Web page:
“Imitosis” – Andrew Bird
I was obsessed with Andrew Bird when I was a kid for his witty lyrical style, use of the violin as a support instrument for his songs, and the unapologetic quirkiness of his music. On this album, he fuses all kinds of music and makes something completely unique.
“Ecstasy” – Crooked Still
I grew up going to a lot of music camps and owe much of my musical development to various members of Crooked Still. Aoife was one of the first singers I learned from and I was lucky enough to spend a lot of time around this music. I love this album in particular and how this song fuses Appalachian fiddle tones with classical string parts.
“The Weekend” – Dave Rawlings Machine
This song features pop chords, but has Dave Rawlings signature guitar style all over it. It’s a fun Americana-style story of a song. I like how the violin parts sound almost like they’re imitating synthetic strings. A cool example of folk music imitating pop music.
“Dog Walkers of the New Age” – Breathe Owl Breathe
One of my favorite albums ever. Completely unique and vibey. The lyrics are quirky and witty, and somehow get at an essential emotion of feeling less alone.
“Grizzly Man” – Rockettothesky
The shimmering acoustic guitar in this track brings this beautiful and spooky song to life. This is the only song I really know from this band, but the haunting, witchy vocal style in this song has stuck with me through the years and has an essence of woodsy appeal.
“Dyin Day” – Anaïs Mitchell
Anaïs Mitchell does a really nice job of innovating within the structure of a song itself. There are elements of traditional call and response in this song, religious references and images of nature, but somehow it still feels relevant and potent.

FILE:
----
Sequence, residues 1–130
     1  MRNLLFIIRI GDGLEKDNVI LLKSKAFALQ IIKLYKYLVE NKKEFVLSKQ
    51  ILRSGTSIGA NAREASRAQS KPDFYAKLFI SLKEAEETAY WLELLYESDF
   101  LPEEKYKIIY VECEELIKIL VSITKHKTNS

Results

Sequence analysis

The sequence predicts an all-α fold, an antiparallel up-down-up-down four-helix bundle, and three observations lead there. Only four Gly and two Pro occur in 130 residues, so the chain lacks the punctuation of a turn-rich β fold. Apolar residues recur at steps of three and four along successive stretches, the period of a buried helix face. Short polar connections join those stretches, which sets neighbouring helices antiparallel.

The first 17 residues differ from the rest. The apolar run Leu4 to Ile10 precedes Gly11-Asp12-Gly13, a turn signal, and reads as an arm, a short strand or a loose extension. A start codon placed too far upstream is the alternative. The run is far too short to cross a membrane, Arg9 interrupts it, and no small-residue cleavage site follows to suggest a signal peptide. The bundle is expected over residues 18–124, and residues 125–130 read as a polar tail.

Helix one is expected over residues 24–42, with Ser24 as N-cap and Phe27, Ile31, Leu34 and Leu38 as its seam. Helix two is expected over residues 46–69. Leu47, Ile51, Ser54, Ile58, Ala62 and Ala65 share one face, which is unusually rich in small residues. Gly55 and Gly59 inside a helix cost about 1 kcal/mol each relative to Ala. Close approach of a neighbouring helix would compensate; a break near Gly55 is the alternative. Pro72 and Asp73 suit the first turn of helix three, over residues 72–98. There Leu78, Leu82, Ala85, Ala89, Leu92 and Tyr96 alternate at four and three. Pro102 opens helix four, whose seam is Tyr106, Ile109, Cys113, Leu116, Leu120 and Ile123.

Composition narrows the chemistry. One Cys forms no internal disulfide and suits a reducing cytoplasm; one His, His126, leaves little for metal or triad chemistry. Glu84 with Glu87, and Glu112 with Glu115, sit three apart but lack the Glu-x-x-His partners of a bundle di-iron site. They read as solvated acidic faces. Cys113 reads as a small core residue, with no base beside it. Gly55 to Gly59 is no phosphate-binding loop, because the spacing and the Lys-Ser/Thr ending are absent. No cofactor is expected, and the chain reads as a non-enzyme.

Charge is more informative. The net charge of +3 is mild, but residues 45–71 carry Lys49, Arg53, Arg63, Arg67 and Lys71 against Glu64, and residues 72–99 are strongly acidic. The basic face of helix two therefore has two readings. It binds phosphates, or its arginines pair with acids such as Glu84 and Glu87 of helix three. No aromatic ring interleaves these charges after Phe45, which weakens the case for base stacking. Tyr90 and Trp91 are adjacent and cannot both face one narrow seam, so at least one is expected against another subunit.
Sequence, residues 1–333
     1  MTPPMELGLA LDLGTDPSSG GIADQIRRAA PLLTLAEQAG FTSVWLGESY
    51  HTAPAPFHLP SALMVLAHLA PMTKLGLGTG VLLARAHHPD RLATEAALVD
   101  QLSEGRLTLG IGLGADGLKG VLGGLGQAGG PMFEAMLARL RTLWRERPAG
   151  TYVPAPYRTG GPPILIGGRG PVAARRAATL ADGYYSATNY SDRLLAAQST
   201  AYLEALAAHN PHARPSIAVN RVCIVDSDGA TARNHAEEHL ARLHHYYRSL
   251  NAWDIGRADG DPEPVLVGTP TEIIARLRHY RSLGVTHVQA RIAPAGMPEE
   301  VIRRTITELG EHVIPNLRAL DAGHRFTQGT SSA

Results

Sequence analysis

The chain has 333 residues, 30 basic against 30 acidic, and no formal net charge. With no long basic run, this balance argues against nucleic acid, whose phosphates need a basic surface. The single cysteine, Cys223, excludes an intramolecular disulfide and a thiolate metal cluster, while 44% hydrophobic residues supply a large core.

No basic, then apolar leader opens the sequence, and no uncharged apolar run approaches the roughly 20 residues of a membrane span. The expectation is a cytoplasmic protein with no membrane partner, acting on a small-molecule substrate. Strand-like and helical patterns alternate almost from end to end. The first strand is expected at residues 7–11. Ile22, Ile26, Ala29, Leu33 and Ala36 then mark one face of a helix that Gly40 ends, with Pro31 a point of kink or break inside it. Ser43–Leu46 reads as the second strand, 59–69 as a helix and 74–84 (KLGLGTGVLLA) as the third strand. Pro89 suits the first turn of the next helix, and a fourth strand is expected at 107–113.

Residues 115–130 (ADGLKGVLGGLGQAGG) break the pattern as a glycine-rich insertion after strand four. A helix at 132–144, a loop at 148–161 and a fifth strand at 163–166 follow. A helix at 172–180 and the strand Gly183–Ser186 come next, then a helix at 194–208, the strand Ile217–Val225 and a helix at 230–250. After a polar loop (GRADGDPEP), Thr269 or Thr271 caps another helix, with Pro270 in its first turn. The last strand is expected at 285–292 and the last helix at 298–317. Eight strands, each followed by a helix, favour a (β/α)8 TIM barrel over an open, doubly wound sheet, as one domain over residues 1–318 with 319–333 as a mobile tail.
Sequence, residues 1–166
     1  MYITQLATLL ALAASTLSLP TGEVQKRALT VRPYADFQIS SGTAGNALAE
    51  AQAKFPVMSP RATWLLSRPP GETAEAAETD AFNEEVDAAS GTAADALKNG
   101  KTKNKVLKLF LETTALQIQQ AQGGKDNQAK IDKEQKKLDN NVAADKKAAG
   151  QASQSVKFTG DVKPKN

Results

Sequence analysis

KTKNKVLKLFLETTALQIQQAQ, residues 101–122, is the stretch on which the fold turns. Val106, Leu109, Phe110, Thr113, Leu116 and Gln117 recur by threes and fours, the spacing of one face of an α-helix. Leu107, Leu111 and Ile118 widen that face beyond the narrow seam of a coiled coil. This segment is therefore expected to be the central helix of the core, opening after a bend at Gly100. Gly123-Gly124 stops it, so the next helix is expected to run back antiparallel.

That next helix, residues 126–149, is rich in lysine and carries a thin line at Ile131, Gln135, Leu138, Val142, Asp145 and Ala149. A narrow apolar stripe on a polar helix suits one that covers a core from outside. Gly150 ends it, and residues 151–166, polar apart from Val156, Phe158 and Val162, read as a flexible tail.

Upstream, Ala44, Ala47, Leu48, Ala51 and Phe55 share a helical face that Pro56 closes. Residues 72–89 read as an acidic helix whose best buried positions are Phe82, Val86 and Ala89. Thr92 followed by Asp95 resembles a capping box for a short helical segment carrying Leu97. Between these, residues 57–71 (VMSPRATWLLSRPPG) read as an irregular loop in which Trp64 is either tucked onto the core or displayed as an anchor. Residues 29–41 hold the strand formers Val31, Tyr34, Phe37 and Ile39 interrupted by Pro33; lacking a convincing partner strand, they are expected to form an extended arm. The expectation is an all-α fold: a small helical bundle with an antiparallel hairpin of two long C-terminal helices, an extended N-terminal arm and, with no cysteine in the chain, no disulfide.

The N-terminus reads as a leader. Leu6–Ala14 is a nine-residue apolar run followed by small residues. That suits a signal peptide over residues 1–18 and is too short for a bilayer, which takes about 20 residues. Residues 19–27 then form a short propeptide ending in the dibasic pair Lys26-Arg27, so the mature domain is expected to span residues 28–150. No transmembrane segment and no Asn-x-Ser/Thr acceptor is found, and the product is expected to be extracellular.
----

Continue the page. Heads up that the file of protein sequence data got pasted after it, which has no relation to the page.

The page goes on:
“Carrie & Lowell” – Sufjan Stevens
This was an incredibly influential album for a lot of people I think. Stevens’ swirling guitar style paired with the vocal effects and simplistic percussive elements make it feel like a pop song without any overly artificial elements. There’s even banjo on this song, but used almost like you would use an arpeggiated synth.
“Middle Distance Runner” – Sea Wolf
To me, this is a perfect pop song with a folk song structure. I love the natural guitar tones and the use of real sounds as percussion.
“The History of a Cheating Heart” – Damon Albarn
One of my favorite artists, producers, and songwriters of all time. Damon Albarn released this solo record in 2014 upon which he plays this song paired down with acoustic guitar. There’s very minimal production featuring dry and stark strings along with a chorus of harmonies on the bridge. It’s rare to hear such a minimal song recorded at such a high level and the result is beautiful.
“Clementine” – Paper Wings
I wrote Clementine on a writing retreat we went on in Big Sur. Emily and I spent the week sitting in the sun amongst the trees and flowers overlooking the ocean. This is really a simple pop love song, but we paired it down and sang it in harmony over fiddle drones. Arranged this way, it became stark and vulnerable and the essence of the song revealed itself. The imagery of nature became more vivid, and the emotions came across as more sincere.
Photo Credit: David Piñeros